June 26, 2012, 10:39 PM —
I received an email this week from a reader containing one sentence and an attached resume. The sentence read “Please tell me the next step I should take in my career.” I sent him a brief answer, but would like to give him, and those like him, a longer answer to his question.
Let’s begin by discussing the importance of written communication. The standard party line for this topic is that the quality of the emails you write, the presentations you display, and the documents you create are a reflection of your professional ability, attitude, and attention to detail. Yes, this is all true. Let’s, however, expand this statement into the virtual world we now live and work in.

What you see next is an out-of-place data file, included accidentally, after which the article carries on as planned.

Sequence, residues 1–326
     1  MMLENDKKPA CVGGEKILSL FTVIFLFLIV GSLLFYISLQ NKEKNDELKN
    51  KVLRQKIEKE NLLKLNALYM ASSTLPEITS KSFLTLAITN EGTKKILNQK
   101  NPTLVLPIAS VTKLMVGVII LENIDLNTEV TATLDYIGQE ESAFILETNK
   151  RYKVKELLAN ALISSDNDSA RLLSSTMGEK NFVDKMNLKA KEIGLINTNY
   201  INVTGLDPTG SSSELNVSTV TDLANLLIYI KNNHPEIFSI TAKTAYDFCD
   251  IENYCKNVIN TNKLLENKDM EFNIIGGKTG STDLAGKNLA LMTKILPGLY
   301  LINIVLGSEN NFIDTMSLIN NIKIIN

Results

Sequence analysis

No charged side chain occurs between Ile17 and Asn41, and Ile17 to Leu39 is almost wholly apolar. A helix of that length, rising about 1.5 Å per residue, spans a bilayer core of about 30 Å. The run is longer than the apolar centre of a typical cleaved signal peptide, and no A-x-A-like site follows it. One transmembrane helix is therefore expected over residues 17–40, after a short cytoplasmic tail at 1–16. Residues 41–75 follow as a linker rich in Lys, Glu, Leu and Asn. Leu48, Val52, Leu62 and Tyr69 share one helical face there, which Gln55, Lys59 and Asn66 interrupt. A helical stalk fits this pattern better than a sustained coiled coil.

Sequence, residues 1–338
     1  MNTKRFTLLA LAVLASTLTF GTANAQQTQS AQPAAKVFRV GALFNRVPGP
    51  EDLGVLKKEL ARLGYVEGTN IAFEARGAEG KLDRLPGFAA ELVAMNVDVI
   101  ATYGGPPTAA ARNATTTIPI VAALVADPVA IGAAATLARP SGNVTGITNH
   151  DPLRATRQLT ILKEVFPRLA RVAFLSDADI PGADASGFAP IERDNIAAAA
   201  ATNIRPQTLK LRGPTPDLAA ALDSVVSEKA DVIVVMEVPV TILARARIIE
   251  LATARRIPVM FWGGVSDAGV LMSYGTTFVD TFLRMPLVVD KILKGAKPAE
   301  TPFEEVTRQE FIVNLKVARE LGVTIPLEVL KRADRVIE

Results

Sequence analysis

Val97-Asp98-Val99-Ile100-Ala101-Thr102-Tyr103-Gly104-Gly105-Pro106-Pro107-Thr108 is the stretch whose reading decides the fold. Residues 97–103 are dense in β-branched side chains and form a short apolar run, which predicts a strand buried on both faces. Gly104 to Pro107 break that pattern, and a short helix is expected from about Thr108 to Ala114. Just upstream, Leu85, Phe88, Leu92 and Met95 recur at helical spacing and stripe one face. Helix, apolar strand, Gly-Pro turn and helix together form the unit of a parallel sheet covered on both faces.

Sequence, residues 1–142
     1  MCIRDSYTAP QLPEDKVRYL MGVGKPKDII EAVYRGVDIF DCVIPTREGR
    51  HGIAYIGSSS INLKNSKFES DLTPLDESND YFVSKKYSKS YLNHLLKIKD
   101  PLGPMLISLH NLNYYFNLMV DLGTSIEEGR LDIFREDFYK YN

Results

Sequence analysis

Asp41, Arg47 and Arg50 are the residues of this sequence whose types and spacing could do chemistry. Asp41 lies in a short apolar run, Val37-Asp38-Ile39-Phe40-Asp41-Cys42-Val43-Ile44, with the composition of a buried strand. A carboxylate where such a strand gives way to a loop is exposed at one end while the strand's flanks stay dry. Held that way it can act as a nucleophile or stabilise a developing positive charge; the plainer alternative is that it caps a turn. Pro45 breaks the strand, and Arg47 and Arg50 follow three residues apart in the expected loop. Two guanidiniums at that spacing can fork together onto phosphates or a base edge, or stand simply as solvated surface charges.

In recent years, the advent of email, twitter, wikis, blogs, discussion boards, and social media in general has caused a resurgence, if not a rebirth, of the written work by everyday people. In the workplace this is magnified by the popularity of virtual teams spanning across the street, around the country, and around the world. As a result, many of the people you work with today, maybe even including your boss, you may never meet in person causing your main interpersonal communication to be totally phone and email based.
There have been various studies that have said that a relatively small percentage of the communications between people are based on the word and that the majority of the communication is based on body language and voice tone. These studies range from 93% body language and non-verbal queues by James Borg to studies by others ranging from 60% - 70% non-verbal. Whatever the exact number is, it’s very significant. That said, when sending an email, tweet, blog, or other written correspondence, if not written well it may be incorrectly interpreted.
All that said, here are tips that may be of value to you when writing business related written correspondence: